Edit top path / bottom path to increase thickness in the middle
Select the text and do Path > Object to Path Shift+Ctrl+C. This will convert the text to outlines.
Ungroup the the text Shift+Ctrl+G
Path > Union Ctrl++. This will join up all the letters as one path.
Draw a rectangle over the text
Select both text and rectangle and do Path > Intersection Ctrl+*
The result will be all outlines so that your cutter ...
Here are a a couple of workarounds.
Use the Select Paths by Nodes Tool (F2)
Click on a section of the path that is next to the node you want to move. This will select the two nodes for that section. Although you might not be able to see both are selected, they are.
Hold down Shift and click on the node you don't want to move. This will deselect it. The ...
You probably switched off one or more of the snapping options in the Snap Controls Bar.
A guess would be the "Snap bounding boxes", "Snap midpoints of bounding box edges", and "Snap to page border", or perhaps you switched off "Enable snapping" altogether.
Try setting the snapping controls as shown below (blue highlight is switched on). If you mouse over ...
Recreate it entirely in Inkscape. Tracing bitmaps is pretty pointless for something so simple.
Draw a rectangle with a black fill.
Copy it Ctrl+C, and Paste in Place Shift+Alt+V.
Do Object > Rotate 90º CW
If you want one shape, you could select both objects and do a Union Ctrl++
The font is an OpenType font with advanced features such as contextual ligatures and alternates. I think you need to switch that feature on in Word - it's not enabled by default. I don't use Word. Sorry. Try googling "enable opentype contextual ligatures in word".
You can't do it in Inkscape. Inkscape is a vector image editor, it can't edit raster images.
Use GIMP instead. It's free and Open Source like Inkscape.
Open the image, then do Colors > Components > Mono Mixer, and use the settings shown below
You could then do Colours > Levels to try to get rid of the smudgy grey bits left over. Move the tiny triangular ...
I guess blurring is a hopeless way to make trackable gradients for your robot experiments. You need something like this:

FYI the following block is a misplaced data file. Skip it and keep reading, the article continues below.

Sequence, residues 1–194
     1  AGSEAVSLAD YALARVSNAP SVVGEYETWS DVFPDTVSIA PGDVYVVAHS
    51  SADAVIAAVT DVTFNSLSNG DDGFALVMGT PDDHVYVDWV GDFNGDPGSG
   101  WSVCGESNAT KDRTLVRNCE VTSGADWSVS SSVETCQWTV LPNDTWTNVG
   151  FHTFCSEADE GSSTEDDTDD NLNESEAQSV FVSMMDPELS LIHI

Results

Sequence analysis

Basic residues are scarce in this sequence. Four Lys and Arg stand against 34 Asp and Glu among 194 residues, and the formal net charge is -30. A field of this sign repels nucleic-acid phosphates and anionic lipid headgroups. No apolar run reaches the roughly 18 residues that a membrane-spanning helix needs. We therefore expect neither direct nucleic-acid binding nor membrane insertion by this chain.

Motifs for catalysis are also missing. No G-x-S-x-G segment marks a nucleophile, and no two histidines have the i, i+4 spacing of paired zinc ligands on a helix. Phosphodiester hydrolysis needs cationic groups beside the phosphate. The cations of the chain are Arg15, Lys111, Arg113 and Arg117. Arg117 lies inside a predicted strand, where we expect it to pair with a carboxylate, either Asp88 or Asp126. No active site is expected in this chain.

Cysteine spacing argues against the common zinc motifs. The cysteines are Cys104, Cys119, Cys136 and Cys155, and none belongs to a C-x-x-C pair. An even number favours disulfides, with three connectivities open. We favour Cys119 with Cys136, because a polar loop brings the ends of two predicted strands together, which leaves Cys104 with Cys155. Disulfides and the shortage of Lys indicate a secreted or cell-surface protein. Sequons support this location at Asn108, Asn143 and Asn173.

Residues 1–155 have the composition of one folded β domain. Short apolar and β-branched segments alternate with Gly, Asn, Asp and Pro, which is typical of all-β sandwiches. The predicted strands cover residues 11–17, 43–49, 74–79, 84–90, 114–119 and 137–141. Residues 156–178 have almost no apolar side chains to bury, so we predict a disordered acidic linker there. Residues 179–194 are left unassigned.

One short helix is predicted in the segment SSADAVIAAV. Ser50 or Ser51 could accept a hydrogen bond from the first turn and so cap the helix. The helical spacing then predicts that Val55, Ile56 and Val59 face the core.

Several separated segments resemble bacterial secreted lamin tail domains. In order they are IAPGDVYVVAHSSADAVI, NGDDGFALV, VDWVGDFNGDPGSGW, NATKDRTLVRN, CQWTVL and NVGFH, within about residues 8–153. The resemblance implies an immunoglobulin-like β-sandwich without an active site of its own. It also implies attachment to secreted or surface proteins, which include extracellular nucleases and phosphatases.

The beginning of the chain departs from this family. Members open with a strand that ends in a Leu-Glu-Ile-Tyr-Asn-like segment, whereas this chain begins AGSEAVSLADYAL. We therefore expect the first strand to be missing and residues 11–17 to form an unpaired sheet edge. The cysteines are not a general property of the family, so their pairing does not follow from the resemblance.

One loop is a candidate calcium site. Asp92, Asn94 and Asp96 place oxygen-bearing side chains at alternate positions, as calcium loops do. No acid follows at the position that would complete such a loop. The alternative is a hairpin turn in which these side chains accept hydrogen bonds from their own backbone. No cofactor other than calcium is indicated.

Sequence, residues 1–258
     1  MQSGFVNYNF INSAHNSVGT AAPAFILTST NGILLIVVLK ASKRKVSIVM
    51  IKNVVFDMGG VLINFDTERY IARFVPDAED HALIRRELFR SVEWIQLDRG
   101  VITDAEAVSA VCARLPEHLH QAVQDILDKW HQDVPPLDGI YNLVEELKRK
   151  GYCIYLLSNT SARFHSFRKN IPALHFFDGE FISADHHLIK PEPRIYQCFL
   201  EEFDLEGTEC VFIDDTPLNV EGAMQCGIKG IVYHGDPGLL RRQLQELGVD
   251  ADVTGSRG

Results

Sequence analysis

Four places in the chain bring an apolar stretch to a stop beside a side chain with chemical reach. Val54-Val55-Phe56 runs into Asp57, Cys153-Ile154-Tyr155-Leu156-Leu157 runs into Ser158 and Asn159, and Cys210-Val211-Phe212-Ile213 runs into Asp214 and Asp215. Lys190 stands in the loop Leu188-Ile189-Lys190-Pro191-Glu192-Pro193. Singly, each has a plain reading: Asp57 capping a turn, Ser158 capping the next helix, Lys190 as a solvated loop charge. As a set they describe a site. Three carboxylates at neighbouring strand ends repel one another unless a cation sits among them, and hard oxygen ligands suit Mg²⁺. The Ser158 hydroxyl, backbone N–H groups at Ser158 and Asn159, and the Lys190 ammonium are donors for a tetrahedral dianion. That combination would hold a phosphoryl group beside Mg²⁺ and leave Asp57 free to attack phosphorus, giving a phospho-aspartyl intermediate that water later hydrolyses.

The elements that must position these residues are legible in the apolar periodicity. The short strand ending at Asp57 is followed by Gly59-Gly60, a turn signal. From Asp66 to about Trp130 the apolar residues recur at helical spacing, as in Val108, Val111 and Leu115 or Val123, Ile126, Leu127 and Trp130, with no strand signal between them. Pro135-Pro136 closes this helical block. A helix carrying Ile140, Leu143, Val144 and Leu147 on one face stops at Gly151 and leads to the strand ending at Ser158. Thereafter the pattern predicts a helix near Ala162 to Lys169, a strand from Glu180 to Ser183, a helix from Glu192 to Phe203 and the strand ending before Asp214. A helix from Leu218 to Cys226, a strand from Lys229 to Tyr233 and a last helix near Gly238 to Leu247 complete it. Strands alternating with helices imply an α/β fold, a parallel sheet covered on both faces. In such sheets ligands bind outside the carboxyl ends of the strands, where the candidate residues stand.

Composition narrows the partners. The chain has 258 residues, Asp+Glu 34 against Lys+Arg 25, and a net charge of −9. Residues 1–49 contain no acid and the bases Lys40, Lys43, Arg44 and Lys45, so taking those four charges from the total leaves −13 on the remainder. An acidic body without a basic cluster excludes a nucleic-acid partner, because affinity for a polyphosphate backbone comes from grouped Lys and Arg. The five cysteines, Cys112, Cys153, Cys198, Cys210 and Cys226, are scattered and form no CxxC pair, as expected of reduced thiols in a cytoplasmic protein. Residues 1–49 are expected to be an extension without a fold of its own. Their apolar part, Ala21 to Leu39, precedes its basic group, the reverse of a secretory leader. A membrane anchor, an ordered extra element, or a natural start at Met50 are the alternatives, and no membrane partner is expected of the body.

This is drawn with pattern brush which has a linear 3-stop gradient white-black-white. The screenshot is from Affinity Designer which allows any PNG image to be used as a brush. The curve can be an arbitary path, you only apply the brush ...
I guess it's useless to try to trace images this complex (=full of noise) to vectors. At least you should have much more resolution than your linked axample has and you should reduce the amount of the crap radically, Finally: Your engraving system seems to be designed for bitmap images.
Cleaning the bitmap image can be started by making a BW mix where the ...
The level of detail of the referenced image is high, yet the image online is heavily dithered/pixelated to the point that it is unsuited for laser engraving, other than as a bitmap engrave.
Vector images provide for great detail in the engraving process, but the blueprint cannot be well converted to a vector format.
As a bitmap engrave, if your software ...
It is possible. File>XML editor, then click on the object in Inkscape drawing window. After selecting item, XML editor will point you to the exact object in the tree. Now look at the transform attribute, exactly at what's inside rotate(). The unit is degrees. It also allows you to sets your attributes. Just beware of relative rotations. The object might ...
You can combine separate paths using Path > Combine. It seems to work with the Measure Path extension, with a tiny rounding error.